Celebrities Send Shout-Outs, Audible Tweets

Shoutomatic

If Norm Levy has his way, marketers will start sending shout-outs right out loud to Facebook Fans and Twitter followers. Rather than a 140-character text message, ShoutOmatic's founder recently launched a product he describes as "a 30-second audible tweet." The apps lets people personalize audio messages to send in emails or embed on Web pages, Facebook status updates or Google Buzz and Twitter streams. The app, ShoutOmatic, lets people play the recording over and over again.

The business model relies on sponsored messages where singers like Bo Bice would record a personal shout-out for Pepsi, for example. "Hey Fans, this is Bo Bice shouting out to let you know that Pepsi goes down smooth, while I hang back stage after a long gig." Marketers could access the technology for free if they choose to record the shout-out themselves.

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Pepsi otherwise would pay Bo Bice for that Shout. The brand could broadcast that Shout to thousands of Bo Bice fans across his social networks and Web sites, as well as on Pepsi's Facebook Fans and Twitter followers. The Shout appears on Bo Bice's ShoutOmatic profile for fans to hear repeatedly. "We want shouting to become the new tweeting," Levy says. "The voice becomes a much more engaging conversation, compared with text."

Artists and celebrities have begun to pick up the technology, too. Levy's connections in the music industry helped build a list of artists who plan to sell personal shouts. Iyaz, Mann, Bizzy Bone, Flavor Flav, Chuck D, DMC, and Bo Bice have begun to participate. Personal Shouts will range in price, depending on artist and celebrity, from $20 up to $30,000. For example, a personal Shout from Flavor Flav saying "Yeah Boyyyy! It's Flavor Flav shouting out to my girl Sandra Smith! Have an incredible bachelorette party. Sorry your fun is over starting tomorrow, so have a blast tonight!" would cost about $500.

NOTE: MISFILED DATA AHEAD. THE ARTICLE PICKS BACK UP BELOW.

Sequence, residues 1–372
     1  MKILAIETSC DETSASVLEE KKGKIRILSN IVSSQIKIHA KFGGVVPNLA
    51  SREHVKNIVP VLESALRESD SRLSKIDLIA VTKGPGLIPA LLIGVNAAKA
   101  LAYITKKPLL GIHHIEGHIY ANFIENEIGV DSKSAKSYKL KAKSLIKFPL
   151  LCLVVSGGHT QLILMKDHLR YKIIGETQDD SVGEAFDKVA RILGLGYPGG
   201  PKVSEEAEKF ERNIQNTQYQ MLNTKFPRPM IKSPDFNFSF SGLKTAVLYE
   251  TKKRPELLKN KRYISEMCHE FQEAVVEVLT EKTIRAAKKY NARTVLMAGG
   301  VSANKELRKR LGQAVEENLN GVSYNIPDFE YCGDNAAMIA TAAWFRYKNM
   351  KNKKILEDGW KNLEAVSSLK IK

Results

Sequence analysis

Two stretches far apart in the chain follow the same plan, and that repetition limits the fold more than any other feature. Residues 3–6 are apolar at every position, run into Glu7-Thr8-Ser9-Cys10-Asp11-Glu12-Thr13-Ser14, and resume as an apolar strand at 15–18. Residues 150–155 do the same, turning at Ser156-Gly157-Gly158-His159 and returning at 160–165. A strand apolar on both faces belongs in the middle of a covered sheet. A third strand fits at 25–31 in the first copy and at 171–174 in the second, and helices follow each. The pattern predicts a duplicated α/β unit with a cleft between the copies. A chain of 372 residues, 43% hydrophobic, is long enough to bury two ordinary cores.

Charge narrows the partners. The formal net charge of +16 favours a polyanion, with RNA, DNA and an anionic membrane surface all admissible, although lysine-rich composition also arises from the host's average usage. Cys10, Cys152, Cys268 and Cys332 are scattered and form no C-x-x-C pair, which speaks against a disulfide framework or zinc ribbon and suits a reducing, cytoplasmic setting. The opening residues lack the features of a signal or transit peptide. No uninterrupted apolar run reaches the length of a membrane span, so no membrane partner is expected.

Aside from Chuck D and Flavor Flav from Public Enemy, the list of artists who have used ShoutOmatic to engage and bond with fans range from 3 Doors Down lead singer Bradley Arnold to Styx artist Lawrence Gowan. "In the past few weeks, I've managed to get many of the record labels to agree to give me names of the artists interested in selling personal shout-outs," Levy says. "Many of them will use the technology for self-promotion to announce live tours and album drops."

Levy plans to catalog a list of artists and celebrities, eventually building a searchable database. He has been working with managers and record labels to sign on those willing to participate. The ShoutOmatic Web site will have a verification process, so consumers and brands purchasing the service can feel comfortable that the voices are the real thing.

 

4 comments about "Celebrities Send Shout-Outs, Audible Tweets ".
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  1. John Capone from Whalebone, June 16, 2010 at 11:47 a.m.

    Sounds like those annoying radio ads. Do people really want brand messages "Shouted" at them?

  2. Norm Levy, June 16, 2010 at noon

    Hey John... You do not have to click the "play" button to hear the celebrities message if you do not want.. only if you are interested in what your favorite Artist or celeb has to say..

    Otherwise, the platform allows you to buy Personal Shout-Outs from your favorite artist or celebrity.. And, to "hear" their status updates rather than read 140 characters of text that an intern is typing... A bit more compelling and engaging for the Fan:-)

    Besides, regular people, like me, can use ShoutOmatic as well, so our voices can be "heard" within our facebook status updates and across all social networks and web spaces...

  3. Rebekah Paul, June 16, 2010 at 3:33 p.m.

    I suppose there may be a place for something like this for celeb followers but for the typical marketer, not so sure.

  4. Lionel Valdellon from Adchemy, June 16, 2010 at 4:28 p.m.

    Seems like a fad. But then Twitter seemed like a fad as well when it first started. Hope it eventually delivers worthwhile content.

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